In the early 1990s, North Korea was plunged into a devastating famine as a result of floods, drought and economic mismanagement. Four years later, Hae-won, by then married with children, attempted to flee North Korea with her family. Her oldest son had already left for China in search of work, and her grandfather and father had passed away years earlier.

One cold January evening, Hae-won and her family packed as much as they could carry and began the dangerous trek across the frozen Tumen River. But their hopes of a better life in China were quickly dashed when they were caught and sent to a prison camp. Hae-won and her family were assigned to different barracks in the camp, where they were forced to sit day after day on the hard floor and stare at the other prisoners. Any movement resulted in a beating, and they were fed only corn husks. The only chance Hae-won had to see her husband was when the prisoners were allowed to go outside each day. After he failed to show up for several days, she came to the realisation that he had died. “Almost half of the prisoners died because of hopelessness and depression,” she said.

Hae-won was released six months after her arrest. “I thought I would be sent to some kind of political camp,” she said. But to her surprise, she and her surviving family members merely received a warning, “We are merciful to let you out of prison. Behave yourself.” Hae-won and her family were exiled to an area far from the Chinese border, but several months after their release they again attempted to flee the country. This time their flight across the frozen Tumen River succeeded, and Hae-won was reunited with her son, who had relayed a coded message of his whereabouts through a friend.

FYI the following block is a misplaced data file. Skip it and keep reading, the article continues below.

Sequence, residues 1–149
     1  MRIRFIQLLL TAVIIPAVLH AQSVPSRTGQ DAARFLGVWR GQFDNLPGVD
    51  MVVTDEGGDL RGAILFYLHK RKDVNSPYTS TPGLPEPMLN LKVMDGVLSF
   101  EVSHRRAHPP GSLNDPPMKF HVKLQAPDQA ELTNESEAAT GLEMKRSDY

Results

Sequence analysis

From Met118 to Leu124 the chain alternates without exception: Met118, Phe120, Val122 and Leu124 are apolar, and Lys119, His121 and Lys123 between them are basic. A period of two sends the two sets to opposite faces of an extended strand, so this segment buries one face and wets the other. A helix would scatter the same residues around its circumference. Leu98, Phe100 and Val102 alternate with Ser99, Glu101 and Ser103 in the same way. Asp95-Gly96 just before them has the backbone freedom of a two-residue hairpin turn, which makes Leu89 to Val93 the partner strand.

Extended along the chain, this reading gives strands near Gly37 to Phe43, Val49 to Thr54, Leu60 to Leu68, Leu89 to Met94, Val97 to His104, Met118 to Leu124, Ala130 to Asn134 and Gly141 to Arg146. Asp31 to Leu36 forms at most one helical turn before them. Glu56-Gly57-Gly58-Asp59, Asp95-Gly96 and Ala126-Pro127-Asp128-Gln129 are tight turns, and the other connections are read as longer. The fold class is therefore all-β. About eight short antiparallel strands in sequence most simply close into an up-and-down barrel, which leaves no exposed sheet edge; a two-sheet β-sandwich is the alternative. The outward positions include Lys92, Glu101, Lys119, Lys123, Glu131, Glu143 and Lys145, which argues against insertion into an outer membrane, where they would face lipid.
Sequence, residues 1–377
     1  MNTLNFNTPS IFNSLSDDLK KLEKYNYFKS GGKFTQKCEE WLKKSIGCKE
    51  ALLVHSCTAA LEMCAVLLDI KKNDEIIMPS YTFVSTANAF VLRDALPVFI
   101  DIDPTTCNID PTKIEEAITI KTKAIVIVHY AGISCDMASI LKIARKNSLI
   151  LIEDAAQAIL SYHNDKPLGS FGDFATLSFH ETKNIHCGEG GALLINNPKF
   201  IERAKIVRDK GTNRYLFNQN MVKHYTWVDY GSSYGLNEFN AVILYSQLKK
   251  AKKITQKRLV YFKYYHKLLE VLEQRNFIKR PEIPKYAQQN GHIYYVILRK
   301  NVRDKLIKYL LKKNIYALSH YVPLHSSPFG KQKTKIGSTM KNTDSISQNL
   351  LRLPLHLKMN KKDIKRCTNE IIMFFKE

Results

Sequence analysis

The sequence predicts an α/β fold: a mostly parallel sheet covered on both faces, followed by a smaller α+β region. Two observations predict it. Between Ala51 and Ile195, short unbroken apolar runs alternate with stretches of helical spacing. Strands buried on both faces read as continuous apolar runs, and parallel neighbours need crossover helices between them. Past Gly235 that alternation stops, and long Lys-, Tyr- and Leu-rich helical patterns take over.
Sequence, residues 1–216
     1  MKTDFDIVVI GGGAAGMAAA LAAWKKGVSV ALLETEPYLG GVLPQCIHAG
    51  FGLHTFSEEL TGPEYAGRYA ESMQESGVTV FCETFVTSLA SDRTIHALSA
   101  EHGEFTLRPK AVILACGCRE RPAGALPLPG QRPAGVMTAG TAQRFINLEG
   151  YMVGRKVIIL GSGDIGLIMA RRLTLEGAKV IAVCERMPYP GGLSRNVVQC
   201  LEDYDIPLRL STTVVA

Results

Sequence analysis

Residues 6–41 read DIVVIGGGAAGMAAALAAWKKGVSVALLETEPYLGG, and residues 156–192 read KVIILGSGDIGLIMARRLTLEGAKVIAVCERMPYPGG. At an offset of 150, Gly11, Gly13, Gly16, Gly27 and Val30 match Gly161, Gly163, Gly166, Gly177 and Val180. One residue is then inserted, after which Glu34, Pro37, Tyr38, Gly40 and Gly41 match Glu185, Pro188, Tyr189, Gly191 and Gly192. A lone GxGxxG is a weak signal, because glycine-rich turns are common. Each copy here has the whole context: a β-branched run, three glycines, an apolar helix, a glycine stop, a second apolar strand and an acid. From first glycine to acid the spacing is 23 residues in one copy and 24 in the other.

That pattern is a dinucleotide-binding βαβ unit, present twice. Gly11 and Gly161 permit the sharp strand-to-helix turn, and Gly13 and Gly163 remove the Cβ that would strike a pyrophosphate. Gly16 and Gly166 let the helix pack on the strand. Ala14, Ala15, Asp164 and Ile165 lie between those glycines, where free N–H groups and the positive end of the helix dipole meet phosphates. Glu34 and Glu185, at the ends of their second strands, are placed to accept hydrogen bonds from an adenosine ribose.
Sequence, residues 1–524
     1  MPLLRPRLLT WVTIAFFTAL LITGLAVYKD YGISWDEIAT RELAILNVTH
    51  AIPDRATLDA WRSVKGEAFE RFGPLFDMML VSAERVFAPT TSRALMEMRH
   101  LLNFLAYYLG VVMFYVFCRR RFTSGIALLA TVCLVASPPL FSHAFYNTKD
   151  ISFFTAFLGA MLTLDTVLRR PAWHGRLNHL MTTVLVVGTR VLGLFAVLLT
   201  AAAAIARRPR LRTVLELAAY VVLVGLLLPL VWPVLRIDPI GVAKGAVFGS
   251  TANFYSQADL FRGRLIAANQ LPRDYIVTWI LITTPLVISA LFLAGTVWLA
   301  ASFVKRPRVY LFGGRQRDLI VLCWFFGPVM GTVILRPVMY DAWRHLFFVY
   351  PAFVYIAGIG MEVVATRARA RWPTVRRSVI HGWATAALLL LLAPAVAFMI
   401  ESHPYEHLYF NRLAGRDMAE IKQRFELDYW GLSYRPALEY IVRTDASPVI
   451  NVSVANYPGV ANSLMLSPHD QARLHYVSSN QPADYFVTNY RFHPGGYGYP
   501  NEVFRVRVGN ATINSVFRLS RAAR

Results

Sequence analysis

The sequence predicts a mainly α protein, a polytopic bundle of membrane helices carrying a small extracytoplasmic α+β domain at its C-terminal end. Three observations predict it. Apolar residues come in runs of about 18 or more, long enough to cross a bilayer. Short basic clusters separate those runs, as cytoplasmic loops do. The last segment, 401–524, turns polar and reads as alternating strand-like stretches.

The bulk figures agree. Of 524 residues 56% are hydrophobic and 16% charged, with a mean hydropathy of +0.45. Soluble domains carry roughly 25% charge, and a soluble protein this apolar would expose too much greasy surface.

God exists
After safely reaching China, Hae-won found a job at a restaurant. A Christian co-worker soon invited her to church, where she was overwhelmed by the beauty of the hymns. “I didn’t know the lyrics,” she said, “but it tremendously touched my heart just hearing the songs; I wanted to cry.” She placed her faith in Christ, and some years later she and her family made their way to South Korea. As Hae-won read the Bible and learned more about God, she came to understand what she had seen that night when she was 10 years old — her grandfather had been praying silently while the family slept. The discussions she had overheard between her grandfathers were about the Bible, and the arguments between her grandfather and father were about the existence of the one, true God — Hananim. The secret police, she now understood, were looking for Bibles when they ransacked their home. Her grandfather’s mysterious meetings were with Christians, and the 140 people arrested were members of her grandfather’s house church. Hae-won’s father, who despite being an atheist went to prison for her grandfather’s faith, was forever changed by seeing Christians executed for refusing to deny Christ. Hae-won hasn’t forgotten about her homeland. Through VOM’s office in South Korea, she shares the love of Christ today with North Korean defectors in South Korea and across Asia. Although her grandfather kept his faith from the children in order to protect himself and the house church, he planted seeds in her heart that bore fruit decades later. “I realised that I came to Christ because of my grandfather’s prayers.”